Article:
Every form of oppression in the United States is based on two things: It’s based on stealing land and genocidal attacks on Indigenous people and the enslavement of African-Americans.

That’s what the colonists did. That was true whether they were British or Spanish colonists.

The other thing I want to say is that parallel to that history is a history of resistance, and the words and the newspapers and the churches and the sermons and the marches. And when we neglect one part of that history, we end up neglecting the other part.

What do you think Californians in particular should be thinking about if they want to observe Juneteenth, both in terms of history and going forward?

In California, we have to get beyond the happy Spanish days, and how wonderful the missions were, and reinterpret the history and provide teachers with tools. I think we cannot go forward until we have a deeper, truer understanding of our past.

History is like any other product — we manufacture history all the time. And that product is partly why people are in the streets now.

OK, my last question: What is the most common misconception about California that you would just magically correct in every Californian’s head? Maybe you can’t pick just one —

Actually I do have one! People think that black people came to California during World War II to work in the defense industry. And that’s when black people showed up.

I’m not only a native Californian, I’m a third-generation Californian. Both sets of my great-grandparents and their families on my mother’s side came to California in the 1890s. One set came from Louisville — that great-grandfather was a barber. The other set came from New Orleans. So I knew that was wrong because of my own family.

[Read about the pioneering black historian Delilah Beasley.]

Now, a lot of people came to California during World War II — millions moved to work in the war industries and it was transformative, dramatic.

But what people really don’t know about is not only were black people here since before California was a state, they were in cities, in farmland, they were ranchers, running newspapers and enterprises. The whole premise of my book is that from the beginning, it’s been a small population — black people are 7 percent of California’s population and that’s always been true.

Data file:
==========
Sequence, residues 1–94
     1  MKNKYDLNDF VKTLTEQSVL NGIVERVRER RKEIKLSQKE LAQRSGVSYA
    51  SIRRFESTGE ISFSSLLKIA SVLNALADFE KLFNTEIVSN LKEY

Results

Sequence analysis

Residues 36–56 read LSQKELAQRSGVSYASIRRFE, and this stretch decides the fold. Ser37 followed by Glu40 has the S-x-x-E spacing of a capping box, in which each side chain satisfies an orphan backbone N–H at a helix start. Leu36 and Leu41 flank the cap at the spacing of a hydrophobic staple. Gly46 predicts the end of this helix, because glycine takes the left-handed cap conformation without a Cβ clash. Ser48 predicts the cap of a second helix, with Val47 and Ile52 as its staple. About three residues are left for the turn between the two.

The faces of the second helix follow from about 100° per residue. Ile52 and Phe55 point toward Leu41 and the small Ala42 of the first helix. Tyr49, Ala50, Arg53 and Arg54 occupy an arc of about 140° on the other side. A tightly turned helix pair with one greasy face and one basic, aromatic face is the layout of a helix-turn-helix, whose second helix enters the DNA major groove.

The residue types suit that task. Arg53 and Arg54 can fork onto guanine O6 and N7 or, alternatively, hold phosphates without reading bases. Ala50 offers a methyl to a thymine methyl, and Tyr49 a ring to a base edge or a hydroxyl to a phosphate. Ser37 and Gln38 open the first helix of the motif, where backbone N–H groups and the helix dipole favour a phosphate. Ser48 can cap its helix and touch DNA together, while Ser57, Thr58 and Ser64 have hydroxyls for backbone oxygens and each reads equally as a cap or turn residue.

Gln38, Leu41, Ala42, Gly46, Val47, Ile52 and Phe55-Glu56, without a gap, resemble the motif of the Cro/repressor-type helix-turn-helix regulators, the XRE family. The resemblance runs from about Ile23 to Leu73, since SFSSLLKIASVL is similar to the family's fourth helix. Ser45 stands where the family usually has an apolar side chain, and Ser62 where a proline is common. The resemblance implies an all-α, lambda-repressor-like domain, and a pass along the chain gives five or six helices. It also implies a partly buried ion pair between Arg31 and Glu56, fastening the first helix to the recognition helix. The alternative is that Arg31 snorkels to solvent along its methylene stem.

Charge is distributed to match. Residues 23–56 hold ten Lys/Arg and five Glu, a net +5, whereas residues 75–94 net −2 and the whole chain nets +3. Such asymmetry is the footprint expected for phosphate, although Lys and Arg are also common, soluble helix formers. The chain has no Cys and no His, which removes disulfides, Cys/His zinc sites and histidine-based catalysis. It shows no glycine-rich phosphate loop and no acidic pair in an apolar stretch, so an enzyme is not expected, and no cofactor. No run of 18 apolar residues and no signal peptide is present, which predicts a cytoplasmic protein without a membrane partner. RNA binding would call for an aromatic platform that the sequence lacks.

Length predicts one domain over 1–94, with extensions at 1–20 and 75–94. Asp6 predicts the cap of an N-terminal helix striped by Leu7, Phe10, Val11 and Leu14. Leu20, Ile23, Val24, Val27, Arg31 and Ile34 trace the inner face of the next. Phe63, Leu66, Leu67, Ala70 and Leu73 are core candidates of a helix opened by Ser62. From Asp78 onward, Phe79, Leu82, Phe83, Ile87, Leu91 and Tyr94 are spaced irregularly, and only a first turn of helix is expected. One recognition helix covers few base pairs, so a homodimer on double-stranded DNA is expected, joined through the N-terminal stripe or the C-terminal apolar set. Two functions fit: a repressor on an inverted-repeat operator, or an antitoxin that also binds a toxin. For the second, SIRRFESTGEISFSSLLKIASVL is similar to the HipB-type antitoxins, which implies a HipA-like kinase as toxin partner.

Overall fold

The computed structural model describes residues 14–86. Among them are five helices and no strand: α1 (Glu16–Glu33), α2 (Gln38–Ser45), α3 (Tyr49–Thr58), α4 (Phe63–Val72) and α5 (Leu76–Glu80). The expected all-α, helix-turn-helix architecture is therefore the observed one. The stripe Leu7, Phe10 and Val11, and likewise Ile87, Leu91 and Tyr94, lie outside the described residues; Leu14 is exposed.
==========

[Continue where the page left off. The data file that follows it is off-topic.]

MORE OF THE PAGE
But what is fascinating is what an outsize influence African-Americans have had on the civic life of California, on the cultural life of California. It’s been a very pivotal population starting in the 19th century and going all the way through the 21st century.

[Find The Times’s Juneteenth coverage here.]

We often link to sites that limit access for nonsubscribers. We appreciate your reading Times coverage, but we also encourage you to support local news if you can.

  • After weeks of confusion and pushback, most notably in Orange County, over mandates that people wear masks to prevent the spread of Covid-19, Gov. Gavin Newsom ordered all Californians to wear face coverings in most public settings. [CalMatters]

  • On Thursday, “Dreamers” who were afraid that the Trump administration’s attempts to end the Deferred Action for Childhood Arrivals program would force them from the country got a reprieve — though temporary — from the Supreme Court. [The New York Times]

  • Pacific Gas & Electric agreed to pay a $3.5 million fine for causing the state’s deadliest wildfire, the Camp Fire, which killed 84 people. The utility pleaded guilty to 84 counts of involuntary manslaughter. [The New York Times]

  • The Last of Us Part II is being released with eerily perfect timing: The video game, made by a company based in Santa Monica, is about tribal tensions and cycles of violence in a world undone by a global pandemic. [The New York Times]

Summer is here, so now is an especially good time to learn about the history of black Californians’ unequal access to leisure spaces, like Bruce’s Beach.

In the early 1900s, the spot, now a fairly nondescript park in Manhattan Beach with a view of the water, was the site of a popular, thriving black-owned resort.

Infuriatingly, and predictably, the resort became a target for white supremacists. Residents campaigned to shut down the resort by taking the site over for the park.

But in recent weeks, black Californians have reclaimed the park as a place to gather and protest.

My colleague Lily Benson made a short video about Bruce’s Beach, which you can watch now in our Instagram Story, @nytimes.

California Today goes live at 6:30 a.m. Pacific time weekdays. Tell us what you want to see: Were you forwarded this email? Sign up for California Today here and read every edition online here.

Jill Cowan grew up in Orange County, went to school at U.C. Berkeley and has reported all over the state, including the Bay Area, Bakersfield and Los Angeles — but she always wants to see more. Follow along here or on Twitter.

California Today is edited by Julie Bloom, who grew up in Los Angeles and graduated from U.C. Berkeley.